If My Country Should Call is a 1916 film that is by far the most entertainingly melodramatic piece included in this collection; and one that has an actual ethical debate fueling the family squabbles. Margaret Ardrath (Dorothy Phillips) and Robert Ogden (Frank Whitson) are set to marry, with the full support of each family. Though Robert is a patriotic military-supportive man, Margaret is a staunch pacifist. As talk of national duty billows about the family, Margaret’s uncle Dr. George Ardath (Chaney) informs them on a new drug used to depress the heart, on which a military dodger had overdosed. Margaret eventually gives birth to Donald (Jack Nelson), who grows up to join the National Guard. Margaret steals the cardiac depressant from George and affects Donald’s heart so that he is rejected from military service, and as a result he becomes an alcoholic and loses his fiancee Patricia (Helen Leslie). In quick succession, George discovers the rouse, and Margaret’s actions are brought to bear as she juggles love for her family over duty to one’s country.

Chaney is almost unrecognizable, in both appearance and in character, and is considerably toned-down as compared to the rest of the cast. Phillips, Whitson and Nelson’s performances have scattershot moments of true sublimity, however their posturing can be a bit too over-the-top at times. Though I did say this was “the most entertainingly melodramatic” of these three films, it is also has the sappiest, most convenient resolution via the most contrived plot twist. Where it has the clear building blocks for a fantastic debate on the merits of war hallmarked by aristocratic extravagance, it devolves quickly into a one-sided love letter to blind patriotism (though my sweeping impression could be attributed to how half of this film has been lost).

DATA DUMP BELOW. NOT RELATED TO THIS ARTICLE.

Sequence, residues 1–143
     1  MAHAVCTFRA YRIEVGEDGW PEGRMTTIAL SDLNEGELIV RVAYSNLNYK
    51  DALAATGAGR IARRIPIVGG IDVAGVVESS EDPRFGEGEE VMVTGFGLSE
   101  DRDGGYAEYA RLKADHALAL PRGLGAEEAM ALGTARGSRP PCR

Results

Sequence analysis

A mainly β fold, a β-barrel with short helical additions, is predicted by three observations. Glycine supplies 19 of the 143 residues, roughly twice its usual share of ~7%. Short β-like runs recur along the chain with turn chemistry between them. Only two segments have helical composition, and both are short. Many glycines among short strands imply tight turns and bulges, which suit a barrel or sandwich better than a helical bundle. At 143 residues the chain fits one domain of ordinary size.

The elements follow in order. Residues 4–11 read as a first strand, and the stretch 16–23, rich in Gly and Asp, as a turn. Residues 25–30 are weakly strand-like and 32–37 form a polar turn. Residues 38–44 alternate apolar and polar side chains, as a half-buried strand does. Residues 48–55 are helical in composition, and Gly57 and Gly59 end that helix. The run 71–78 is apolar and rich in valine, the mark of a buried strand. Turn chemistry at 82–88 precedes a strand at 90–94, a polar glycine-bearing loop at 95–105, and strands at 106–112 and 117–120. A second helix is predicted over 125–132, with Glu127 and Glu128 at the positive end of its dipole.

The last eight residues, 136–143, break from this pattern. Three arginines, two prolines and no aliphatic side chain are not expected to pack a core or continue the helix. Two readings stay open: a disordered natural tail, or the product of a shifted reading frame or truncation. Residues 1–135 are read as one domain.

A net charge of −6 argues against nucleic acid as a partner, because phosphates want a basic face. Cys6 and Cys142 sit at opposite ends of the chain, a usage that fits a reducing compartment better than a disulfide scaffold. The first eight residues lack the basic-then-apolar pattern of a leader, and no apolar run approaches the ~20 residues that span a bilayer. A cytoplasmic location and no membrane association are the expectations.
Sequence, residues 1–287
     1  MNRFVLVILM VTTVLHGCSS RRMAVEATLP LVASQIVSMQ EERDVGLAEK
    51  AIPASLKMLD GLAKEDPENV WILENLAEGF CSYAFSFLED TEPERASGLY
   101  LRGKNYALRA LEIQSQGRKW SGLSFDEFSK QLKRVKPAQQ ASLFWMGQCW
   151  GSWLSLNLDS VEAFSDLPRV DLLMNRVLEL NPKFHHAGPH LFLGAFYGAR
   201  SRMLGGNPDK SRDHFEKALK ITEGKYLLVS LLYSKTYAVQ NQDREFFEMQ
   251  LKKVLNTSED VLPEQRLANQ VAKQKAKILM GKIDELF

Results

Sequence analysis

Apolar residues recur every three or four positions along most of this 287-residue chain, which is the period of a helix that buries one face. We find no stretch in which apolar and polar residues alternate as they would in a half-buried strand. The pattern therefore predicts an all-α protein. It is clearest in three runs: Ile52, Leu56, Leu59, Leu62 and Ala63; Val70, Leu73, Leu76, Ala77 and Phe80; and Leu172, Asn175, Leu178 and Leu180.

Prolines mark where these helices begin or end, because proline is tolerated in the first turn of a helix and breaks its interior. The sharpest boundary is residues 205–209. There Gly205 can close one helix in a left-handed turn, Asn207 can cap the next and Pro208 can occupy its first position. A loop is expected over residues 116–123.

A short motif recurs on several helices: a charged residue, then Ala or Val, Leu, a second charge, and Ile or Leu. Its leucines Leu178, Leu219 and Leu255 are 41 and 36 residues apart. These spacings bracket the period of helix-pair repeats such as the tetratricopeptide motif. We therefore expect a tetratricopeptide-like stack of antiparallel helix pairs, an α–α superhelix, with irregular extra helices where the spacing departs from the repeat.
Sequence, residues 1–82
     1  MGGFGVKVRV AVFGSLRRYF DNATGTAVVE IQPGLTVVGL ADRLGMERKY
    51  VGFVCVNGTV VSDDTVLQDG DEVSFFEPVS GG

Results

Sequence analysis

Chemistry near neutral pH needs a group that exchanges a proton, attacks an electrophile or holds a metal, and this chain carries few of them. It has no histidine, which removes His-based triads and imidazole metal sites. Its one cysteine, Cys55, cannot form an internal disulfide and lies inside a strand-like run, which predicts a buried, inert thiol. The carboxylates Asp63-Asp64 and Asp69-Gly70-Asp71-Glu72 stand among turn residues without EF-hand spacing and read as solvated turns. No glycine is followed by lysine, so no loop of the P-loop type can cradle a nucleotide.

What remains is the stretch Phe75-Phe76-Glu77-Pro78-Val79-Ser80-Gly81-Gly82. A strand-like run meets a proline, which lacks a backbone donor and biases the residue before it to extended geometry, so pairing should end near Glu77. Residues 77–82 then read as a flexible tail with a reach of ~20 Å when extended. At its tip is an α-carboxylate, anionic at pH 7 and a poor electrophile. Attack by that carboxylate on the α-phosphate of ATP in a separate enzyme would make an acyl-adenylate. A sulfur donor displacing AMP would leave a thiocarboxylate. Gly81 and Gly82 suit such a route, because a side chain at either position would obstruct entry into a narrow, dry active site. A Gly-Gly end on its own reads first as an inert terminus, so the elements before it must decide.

The Place Beyond the Winds is another 1916 feature that puts Chaney back into his element as a twisted and sinister individual, and is the best representation in this collection of his future career. Priscilla Glenn (Dorothy Phillips) has incurred the wrath of her overtly-religious father Nathan (C. Norman Hammond), when she creates a new god idol out of nature. She would cull her father’s anger and begin a formal education with the local schoolteacher Anton Farwell (De Grasse), and begin a secret wide-eyed romance with Dick Travers (Jack Mulhall). However, after she was lured by Jerry Jo (Chaney) to a house to take advantage of her (though he fails), Nathan casts her out. She sets out with Anton for the United States, though he leaves her not long into their journey, unable to continue due to a past crime. After Priscilla establishes herself as a hospital nurse in the city, her journey drives her back to these significant individuals of her youth, seeking closure and to make their lives happier, all the while struggling to determine what she wants out of life.

This has the most convoluted of the three plots, but this is the one where it doesn’t matter. The story is a shining star of the early coming-of-age genre in film, and its wandering tone is mirrored perfectly the editing, blocking, and overall narrative pacing. Though utilizing similar locations as A Mother’s Atonement, there is a greater sense of space and adventure, and the breadth of the character arcs feel satisfying as a result. Chaney delivers here the more layered performance of the three films, where he could have easily made the character Jerry a one-note baddy with little else. His tasteless mischievousness is propelled by a strong undercurrent of being frightened by his own moral ambiguity, and thusly he feels more human than most (though his arc gets spotty and cliched towards the end).

There are no supplemental features on Undercrank Productions’ DVD, and all movies carry original scores by the films’ restorationist Jon C. Mirsalis. These three films are a wealth of silent cinema history (scanned from the only surviving nitrate prints), and would make any Chaney collector quite happy. Lon Chaney: Before the Thousand Faces is a fun early snapshot of the actor who would emerge as one of film’s most pivotal talents.